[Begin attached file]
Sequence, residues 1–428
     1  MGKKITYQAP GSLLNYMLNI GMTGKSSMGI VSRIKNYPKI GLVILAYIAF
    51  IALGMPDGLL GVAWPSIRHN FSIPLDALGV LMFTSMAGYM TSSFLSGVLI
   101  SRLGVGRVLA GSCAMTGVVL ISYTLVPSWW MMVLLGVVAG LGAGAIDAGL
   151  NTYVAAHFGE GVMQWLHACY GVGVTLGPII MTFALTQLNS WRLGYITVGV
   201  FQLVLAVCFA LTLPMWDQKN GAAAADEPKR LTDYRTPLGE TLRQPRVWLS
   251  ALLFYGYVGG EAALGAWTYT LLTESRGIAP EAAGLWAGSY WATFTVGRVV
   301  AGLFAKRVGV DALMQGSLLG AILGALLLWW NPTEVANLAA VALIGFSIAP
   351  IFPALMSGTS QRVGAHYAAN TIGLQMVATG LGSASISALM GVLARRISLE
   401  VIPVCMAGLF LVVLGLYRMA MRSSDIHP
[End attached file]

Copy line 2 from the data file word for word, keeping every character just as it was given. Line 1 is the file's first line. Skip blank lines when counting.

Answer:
     1  MGKKITYQAP GSLLNYMLNI GMTGKSSMGI VSRIKNYPKI GLVILAYIAF